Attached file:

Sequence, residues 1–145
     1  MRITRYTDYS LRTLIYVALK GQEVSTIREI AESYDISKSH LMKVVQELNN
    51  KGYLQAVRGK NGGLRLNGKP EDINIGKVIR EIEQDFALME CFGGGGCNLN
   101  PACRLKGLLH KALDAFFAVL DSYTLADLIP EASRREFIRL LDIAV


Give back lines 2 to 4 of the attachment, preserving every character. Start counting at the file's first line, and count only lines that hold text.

     1  MRITRYTDYS LRTLIYVALK GQEVSTIREI AESYDISKSH LMKVVQELNN
    51  KGYLQAVRGK NGGLRLNGKP EDINIGKVIR EIEQDFALME CFGGGGCNLN
   101  PACRLKGLLH KALDAFFAVL DSYTLADLIP EASRREFIRL LDIAV